One classical Buddhist response to this, is to have the human being purify itself and leave the world behind. The Christian (and perhaps also Mahayanist) answer would be to tame the wolf. Have it play longer as a cub. Let it develop its good traits. It will become friendly, caring, and faithful like no-one else; it would become like a dog. A human being can also be “tamed”; Christ is an image of what the human being can become if it does not leave the world, but stays in it and purifies and transforms not only itself but also its immediate surroundings.
Ideas like this is what is what attracts me to anthroposophic christology. Humanity is slowly drifting apart from its spiritual origin and will continue to do so by virtue of the inertia of its lower nature. There is a possibility of reconnecting to the source, but this isn’t something God can do by simply choosing to. The best of humanity needs to come together, human wisdom, simplicity of heart, strength of character, the endeavour of self-purification, and then it needs to stretch upwards, so to speak, so that divinity can enter into the stream of earthly life. God does not know fully know what it is like to be a human. In order to be able to offer the possibility of redemption, He needs to be touched by evil. In order to fix something, you need to know how it works. What is pain? What is it like to be mocked? What is hopelessness? What is death? Try it on, if you want to fix it – if you want to show another way.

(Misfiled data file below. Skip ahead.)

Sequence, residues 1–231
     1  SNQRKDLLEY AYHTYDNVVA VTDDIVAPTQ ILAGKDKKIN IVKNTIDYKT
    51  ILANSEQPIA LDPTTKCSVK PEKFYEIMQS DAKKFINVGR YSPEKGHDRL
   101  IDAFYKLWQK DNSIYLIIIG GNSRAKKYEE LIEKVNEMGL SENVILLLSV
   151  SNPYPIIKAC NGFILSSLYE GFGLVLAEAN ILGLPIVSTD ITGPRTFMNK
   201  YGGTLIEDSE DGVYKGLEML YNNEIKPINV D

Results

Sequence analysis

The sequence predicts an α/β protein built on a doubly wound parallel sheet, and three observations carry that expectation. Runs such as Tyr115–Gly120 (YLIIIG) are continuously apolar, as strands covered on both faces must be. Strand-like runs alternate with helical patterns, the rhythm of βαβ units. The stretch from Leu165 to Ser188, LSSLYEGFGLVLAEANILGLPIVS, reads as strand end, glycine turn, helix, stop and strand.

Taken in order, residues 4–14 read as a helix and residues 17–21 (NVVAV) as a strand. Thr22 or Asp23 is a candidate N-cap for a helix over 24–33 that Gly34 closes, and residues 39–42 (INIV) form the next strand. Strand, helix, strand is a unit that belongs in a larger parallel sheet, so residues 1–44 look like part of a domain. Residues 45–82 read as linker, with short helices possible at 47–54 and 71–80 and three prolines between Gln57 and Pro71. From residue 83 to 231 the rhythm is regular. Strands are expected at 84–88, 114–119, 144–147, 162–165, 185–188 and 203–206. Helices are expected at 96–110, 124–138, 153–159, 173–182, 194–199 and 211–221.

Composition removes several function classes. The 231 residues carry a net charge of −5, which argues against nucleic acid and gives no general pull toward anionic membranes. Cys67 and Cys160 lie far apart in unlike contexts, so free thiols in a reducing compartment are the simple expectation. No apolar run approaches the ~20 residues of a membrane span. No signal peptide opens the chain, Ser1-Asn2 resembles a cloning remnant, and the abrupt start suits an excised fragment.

One of the most interesting thinkers I’ve discovered this years, is Jordan Peterson. He’s caused some turbulence with his ideas about gender and identity politics. I find he’s exaggerating somewhat. But his other thoughts about psychology, human development, religion, and so on, are utterly stimulating. In particular, I find his Jungian perspectives valuable – and I’m still baffled that a psychologist with Jungian affinities can find his way into the mainstream. In one of his lectures, Jordan talks about the fact that Harry Potter can talk to snakes. The ability to speak with snakes comes from the evil one himself, Lord Voldemort, and was transferred to Harry when he was attacked by Voldemort. The ability to talk to snakes becomes essential in Harry’s further quest. As Peterson points out, being touched by evil can become, in a paradoxical way, what enables us to conquer it. And so Christ enters into the human world, severs the connection to his divine roots, becomes fully human, comes to know the ways of the world, including death, and thus is able to offer the potential of transforming it. And now the choice is here. Tame the wolf or become Jabba the Hut.